Seven Black Men Executed for Rape of White Woman Given Posthumous Pardons

On Tuesday, Virginia Governor Ralph Northam granted posthumous pardons to seven Black men executed under the death penalty in 1951 for the rape of a white woman, the Associated Press reported. The fate of the group, known as the "Martinsville Seven," has been the subject of outcry in recent years as many denounce racial imbalances in past uses of the death penalty.

All seven men were tried by all-white juries and found guilty of raping 32-year old Ruby Stroud Floyd, who had entered a predominantly Black neighborhood in Martinsville in 1949 to gather money for clothes she sold there, the AP reported. Northam decided to pardon the group after speaking with around a dozen advocates and descendants of the men.

In a press release, the governor acknowledged that while the pardons "can't change the past," he hopes Tuesday's action brings the men's descendants and advocates "some small measure of peace."

"This is about righting wrongs," Northam said in the release. "We all deserve a criminal justice system that is fair, equal, and gets it right—no matter who you are or what you look like.

For more reporting from the Associated Press, see below.

Martinsville Seven Pardoned
Virginia Governor Ralph Northam granted posthumous pardons Tuesday, August 31, 2021 to seven Black men who were executed in 1951 for the rape of a white woman, in a case that attracted pleas for mercy from around the world and in recent years has been denounced as an example of racial disparity in the use of the death penalty. Demonstrators march in front of the White House in Washington, in what they said was an effort to persuade President Harry Truman to halt execution of seven Black men sentenced to death in Virginia on charges of raping a white woman in this January 30, 1951 file photo. Henry Burroughs/AP Photo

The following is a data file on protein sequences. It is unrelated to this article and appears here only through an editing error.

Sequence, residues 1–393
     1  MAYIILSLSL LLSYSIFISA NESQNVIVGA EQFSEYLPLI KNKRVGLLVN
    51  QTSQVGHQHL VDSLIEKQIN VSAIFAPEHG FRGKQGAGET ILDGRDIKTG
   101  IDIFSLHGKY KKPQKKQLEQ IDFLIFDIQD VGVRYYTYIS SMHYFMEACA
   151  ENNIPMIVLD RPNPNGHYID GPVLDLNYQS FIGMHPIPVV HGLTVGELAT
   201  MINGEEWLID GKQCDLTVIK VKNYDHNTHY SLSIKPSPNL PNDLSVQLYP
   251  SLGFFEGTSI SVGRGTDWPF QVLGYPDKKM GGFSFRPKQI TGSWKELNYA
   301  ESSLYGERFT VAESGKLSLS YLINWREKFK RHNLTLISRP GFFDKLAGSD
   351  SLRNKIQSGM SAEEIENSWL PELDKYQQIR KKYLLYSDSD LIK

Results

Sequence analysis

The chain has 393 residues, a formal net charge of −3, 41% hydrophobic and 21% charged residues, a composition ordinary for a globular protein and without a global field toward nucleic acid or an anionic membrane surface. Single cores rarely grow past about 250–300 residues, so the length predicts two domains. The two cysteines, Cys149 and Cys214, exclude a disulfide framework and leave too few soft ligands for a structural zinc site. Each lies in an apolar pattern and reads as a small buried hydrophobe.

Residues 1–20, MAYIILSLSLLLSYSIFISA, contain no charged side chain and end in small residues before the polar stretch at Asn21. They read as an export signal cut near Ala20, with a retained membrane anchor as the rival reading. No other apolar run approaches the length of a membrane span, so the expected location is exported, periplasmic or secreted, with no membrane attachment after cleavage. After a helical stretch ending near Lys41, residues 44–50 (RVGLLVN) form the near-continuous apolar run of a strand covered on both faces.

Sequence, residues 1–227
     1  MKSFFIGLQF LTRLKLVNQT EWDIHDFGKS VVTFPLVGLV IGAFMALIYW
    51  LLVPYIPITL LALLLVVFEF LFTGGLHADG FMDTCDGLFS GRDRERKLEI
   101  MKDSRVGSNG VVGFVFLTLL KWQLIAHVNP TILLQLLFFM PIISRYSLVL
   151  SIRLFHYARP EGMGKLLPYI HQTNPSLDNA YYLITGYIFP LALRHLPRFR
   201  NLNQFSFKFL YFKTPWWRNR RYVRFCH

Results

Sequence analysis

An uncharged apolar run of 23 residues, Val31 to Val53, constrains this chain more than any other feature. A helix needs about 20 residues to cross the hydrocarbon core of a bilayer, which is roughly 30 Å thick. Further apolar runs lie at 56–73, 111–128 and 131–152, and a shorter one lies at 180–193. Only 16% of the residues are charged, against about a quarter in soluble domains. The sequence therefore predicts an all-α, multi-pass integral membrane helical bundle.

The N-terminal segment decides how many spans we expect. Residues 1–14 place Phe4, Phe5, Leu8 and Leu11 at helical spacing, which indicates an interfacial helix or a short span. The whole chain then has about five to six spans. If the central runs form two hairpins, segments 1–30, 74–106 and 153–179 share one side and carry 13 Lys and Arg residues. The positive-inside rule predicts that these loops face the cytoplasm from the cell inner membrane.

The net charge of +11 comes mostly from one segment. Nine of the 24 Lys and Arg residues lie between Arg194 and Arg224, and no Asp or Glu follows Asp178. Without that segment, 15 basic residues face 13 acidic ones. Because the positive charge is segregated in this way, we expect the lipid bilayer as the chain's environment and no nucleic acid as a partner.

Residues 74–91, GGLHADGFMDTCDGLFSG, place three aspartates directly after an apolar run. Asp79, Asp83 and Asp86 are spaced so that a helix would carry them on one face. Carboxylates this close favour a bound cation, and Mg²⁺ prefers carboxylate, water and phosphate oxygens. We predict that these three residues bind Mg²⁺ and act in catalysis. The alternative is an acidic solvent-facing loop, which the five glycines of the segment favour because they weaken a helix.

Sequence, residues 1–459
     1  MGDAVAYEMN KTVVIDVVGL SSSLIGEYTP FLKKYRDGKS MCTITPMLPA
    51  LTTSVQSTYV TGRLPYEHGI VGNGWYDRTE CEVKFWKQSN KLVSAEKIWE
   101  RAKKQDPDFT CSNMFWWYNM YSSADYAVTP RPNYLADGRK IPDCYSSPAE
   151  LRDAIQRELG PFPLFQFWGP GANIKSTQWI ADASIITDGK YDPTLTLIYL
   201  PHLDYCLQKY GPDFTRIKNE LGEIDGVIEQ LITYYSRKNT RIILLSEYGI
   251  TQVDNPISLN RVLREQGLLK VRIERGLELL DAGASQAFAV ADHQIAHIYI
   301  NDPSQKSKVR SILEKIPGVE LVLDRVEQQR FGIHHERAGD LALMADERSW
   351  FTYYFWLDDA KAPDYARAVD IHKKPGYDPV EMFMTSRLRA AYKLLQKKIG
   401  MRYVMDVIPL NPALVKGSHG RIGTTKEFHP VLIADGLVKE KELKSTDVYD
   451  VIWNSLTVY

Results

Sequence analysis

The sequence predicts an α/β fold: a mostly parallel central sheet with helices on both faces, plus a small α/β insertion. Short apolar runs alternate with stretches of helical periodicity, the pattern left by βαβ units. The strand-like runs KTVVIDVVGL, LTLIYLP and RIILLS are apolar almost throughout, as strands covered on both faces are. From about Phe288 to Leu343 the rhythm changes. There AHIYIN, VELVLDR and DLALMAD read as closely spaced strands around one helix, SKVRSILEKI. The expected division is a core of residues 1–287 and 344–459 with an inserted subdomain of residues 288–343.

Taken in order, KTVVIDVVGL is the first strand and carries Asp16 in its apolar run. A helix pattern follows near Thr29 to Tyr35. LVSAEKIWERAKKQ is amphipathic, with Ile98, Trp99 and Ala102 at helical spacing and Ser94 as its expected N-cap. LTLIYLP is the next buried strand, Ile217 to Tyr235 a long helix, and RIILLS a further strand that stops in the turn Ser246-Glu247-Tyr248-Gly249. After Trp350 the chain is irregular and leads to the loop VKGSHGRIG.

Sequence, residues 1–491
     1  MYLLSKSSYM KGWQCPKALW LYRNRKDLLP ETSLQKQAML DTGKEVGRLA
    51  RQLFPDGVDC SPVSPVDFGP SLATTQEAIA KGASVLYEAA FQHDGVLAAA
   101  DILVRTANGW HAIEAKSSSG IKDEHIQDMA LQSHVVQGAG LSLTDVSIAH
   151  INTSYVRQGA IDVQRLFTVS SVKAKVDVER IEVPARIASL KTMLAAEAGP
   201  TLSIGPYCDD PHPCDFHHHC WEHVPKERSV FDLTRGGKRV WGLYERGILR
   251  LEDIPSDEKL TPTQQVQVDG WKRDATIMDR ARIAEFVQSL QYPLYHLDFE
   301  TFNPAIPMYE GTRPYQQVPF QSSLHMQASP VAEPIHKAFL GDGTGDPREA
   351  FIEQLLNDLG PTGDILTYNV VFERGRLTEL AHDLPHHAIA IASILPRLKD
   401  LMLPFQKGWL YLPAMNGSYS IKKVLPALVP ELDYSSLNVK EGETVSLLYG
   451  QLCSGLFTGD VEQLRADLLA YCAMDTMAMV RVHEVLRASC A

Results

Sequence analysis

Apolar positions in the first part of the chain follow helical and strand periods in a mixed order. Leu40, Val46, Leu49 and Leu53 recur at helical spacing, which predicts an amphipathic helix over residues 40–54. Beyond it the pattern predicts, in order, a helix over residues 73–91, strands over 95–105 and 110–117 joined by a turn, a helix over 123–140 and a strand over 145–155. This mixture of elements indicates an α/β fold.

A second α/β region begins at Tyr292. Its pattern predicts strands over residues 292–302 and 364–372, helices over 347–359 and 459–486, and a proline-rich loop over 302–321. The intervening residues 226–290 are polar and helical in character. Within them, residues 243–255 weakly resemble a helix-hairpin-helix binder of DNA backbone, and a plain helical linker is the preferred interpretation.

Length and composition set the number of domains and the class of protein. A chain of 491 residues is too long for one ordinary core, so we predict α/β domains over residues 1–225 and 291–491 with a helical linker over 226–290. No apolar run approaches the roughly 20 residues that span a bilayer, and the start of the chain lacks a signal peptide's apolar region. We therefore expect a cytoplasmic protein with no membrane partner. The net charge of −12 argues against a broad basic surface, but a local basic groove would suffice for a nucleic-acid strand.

Four of the men were executed in Virginia's electric chair on Feb. 2, 1951. Three days later, the remaining three were also electrocuted. All of them were tried by all-white juries.

At the time, rape was a capital offense. But Northam said Tuesday that the death penalty for rape was almost entirely applied to Black people. From 1908 — when Virginia began using the electric chair — to 1951, state records show that all 45 people executed for rape were Black, he said.

"These men were executed because they were Black and that's not right," Northam said.

Walter Grayson is the son of Francis DeSales Grayson, who was one of the seven. He sobbed loudly when the pardons were announced Tuesday and said "thank you, Jesus. Thank you, Lord."

In December, advocates and descendants of the men asked Northam to issue posthumous pardons. Their petition does not argue that the men were innocent, but says their trials were unfair and the punishment was extreme and unjust.

"The Martinsville Seven were not given adequate due process 'simply for being black,' they were sentenced to death for a crime that a white person would not have been executed for 'simply for being black,' and they were killed, by the Commonwealth, 'simply for being black,' " the advocates wrote in their letter to Northam.

The seven men, most in their late teens or early 20s, were: Grayson, Frank Hairston Jr.; Howard Lee Hairston; James Luther Hairston; Joe Henry Hampton; Booker Millner; and John Clabon Taylor.

In March, Northam, a Democrat, signed legislation passed by the Democrat-controlled legislature abolishing the state's death penalty. It was a dramatic shift for Virginia, a state that had the second-highest number of executions in the U.S. The case of the Martinsville Seven was cited during the legislative debate as an example of the disproportionate use of the death penalty against people of color.

Gov. Ralph Northam Pardons Martinsville Seven
Virginia Governor Ralph Northam on Tuesday pardoned seven Black men executed in 1951 for the rape of a white woman. Northam speaks at an event titled “Transforming Rail in Virginia” at the Amtrak-VRE station in March 30, 2021 in Alexandria, Virginia. Win McNamee/Getty Images